- Shanghai’s lockdown. China’s largest outbreak since the beginning of the pandemic is now gripping Shanghai, its largest city and a global financial center. The city of 26 million reported more than 2,600 COVID infections yesterday, from just a handful in early March, with hospitals and medical staff already stretched thin. The government is introducing a two-stage lockdown and plans to test all 26 million residents in the coming weeks.
- Africa’s Low Vaccination Rates Should Concern Everyone/S. Africa easing COVID restrictions. Only about 15 percent of the population in Africa has been fully vaccinated. Because of this, the trajectory of the pandemic on the continent remains unpredictable and uncertain. With low vaccination rates, we run the risk of being hit by new variants that may severely impact the effectiveness of vaccines globally and limit people’s lives once again. On the other hand, South Africa, the country in Africa worst affected by coronavirus, has eased COVID restrictions for vaccinated travellers, dropping mandatory negative results for inbound fully vaccinated travellers, a move expected to boost tourism.
- The Pandemic Revolutionized Disease Surveillance. Now What? As the pandemic enters its third year, funding for COVID data collection is drying up. The article discusses a number of UK-funded COVID surveys will be greatly reduced or discontinued. Researchers warn that relaxing restrictions and surveillance at the same time could be unwise since these surveys act as early warning systems for new variants or mysterious bumps in cases. With stripped-back restrictions, data is all we’ve got. There also remains a threat of future waves because there’s the threat of new variants.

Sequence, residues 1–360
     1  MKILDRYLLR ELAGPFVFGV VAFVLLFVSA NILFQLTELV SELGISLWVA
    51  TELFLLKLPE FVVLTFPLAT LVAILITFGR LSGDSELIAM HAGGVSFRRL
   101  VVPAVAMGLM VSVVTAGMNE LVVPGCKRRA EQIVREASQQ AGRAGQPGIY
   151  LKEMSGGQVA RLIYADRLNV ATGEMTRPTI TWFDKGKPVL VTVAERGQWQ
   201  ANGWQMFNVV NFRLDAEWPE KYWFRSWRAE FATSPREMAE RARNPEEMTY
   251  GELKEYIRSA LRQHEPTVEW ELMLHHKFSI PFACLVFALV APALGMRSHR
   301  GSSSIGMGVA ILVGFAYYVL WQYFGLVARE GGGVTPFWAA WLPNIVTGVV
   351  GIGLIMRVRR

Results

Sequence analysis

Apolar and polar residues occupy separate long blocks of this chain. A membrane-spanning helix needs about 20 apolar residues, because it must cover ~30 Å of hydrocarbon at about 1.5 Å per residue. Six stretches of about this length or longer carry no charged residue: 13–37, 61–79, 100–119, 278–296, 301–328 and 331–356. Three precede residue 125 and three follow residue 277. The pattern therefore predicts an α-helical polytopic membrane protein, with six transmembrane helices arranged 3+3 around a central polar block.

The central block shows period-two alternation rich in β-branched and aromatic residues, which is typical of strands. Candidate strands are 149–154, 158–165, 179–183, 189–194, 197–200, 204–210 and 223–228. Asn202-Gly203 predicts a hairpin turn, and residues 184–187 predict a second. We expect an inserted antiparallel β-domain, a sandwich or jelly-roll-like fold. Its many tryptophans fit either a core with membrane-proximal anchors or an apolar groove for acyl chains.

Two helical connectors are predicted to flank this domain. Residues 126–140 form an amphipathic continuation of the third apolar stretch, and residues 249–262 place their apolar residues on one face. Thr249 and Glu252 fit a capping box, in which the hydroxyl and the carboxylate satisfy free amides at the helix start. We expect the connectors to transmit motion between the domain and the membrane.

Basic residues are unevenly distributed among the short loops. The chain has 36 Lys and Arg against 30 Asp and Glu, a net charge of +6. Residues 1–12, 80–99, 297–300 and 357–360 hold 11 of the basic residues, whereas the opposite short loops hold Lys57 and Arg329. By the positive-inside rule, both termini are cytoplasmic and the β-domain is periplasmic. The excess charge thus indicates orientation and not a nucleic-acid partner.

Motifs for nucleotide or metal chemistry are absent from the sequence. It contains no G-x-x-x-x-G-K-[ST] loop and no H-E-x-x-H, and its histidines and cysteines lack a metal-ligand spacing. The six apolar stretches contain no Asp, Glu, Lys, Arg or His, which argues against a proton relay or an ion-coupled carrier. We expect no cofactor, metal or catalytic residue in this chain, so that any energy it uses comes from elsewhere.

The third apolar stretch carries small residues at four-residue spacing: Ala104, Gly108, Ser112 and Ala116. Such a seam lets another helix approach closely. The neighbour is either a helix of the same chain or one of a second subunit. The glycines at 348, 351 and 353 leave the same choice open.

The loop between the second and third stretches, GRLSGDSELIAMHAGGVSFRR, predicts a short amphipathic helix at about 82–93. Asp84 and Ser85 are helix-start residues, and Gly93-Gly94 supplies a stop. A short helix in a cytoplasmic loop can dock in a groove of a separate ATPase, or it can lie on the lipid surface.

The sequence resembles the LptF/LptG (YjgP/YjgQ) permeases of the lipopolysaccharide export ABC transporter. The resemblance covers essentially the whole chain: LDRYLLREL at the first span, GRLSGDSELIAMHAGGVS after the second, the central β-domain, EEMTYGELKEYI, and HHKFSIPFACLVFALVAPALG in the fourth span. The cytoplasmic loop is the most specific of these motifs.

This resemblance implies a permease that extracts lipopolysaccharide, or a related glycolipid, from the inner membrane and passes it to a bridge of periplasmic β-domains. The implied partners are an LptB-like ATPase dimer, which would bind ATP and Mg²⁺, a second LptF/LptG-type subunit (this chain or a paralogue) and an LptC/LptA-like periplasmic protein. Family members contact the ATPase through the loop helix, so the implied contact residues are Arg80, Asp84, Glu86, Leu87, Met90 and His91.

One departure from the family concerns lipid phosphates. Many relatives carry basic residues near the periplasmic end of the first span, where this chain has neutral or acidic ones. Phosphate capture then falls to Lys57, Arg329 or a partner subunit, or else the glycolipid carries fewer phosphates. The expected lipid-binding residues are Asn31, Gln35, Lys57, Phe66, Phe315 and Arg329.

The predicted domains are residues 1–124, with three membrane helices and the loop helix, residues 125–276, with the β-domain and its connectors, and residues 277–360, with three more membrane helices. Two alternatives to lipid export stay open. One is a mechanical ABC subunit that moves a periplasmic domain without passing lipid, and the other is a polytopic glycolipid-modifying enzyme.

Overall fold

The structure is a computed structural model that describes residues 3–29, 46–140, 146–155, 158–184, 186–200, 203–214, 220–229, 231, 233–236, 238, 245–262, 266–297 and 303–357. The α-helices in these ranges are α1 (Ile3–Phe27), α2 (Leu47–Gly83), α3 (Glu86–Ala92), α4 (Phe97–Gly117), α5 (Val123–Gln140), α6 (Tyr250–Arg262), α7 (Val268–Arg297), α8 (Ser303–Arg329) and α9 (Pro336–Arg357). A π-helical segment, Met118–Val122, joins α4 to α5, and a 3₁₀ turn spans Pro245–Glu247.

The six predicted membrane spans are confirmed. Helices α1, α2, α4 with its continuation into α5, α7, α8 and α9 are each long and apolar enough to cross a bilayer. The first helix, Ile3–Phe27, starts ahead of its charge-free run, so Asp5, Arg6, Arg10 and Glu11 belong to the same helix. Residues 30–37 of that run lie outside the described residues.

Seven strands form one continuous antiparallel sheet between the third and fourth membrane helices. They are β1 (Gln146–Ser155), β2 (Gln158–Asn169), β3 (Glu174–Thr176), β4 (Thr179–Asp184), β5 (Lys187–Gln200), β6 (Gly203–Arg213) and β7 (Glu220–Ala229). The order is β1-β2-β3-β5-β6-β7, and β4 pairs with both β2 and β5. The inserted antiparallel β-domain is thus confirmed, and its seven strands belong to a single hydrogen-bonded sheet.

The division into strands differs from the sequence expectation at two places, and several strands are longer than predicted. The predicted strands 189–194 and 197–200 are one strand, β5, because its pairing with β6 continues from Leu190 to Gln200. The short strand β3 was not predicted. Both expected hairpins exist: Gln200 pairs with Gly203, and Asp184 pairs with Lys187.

- Cruise ship with fully vaccinated passengers/crew has COVID outbreak. The Ruby Princess returned to San Francisco from a 15-day Panama Canal cruise with some passengers and crew members infected with COVID-19. All guests and crew on the ship were fully vaccinated, and those infected were either asymptomatic or showed mild symptoms. The total number of infections resulting from the cruise was not released. The ship’s medical team ordered everyone who tested positive to isolate.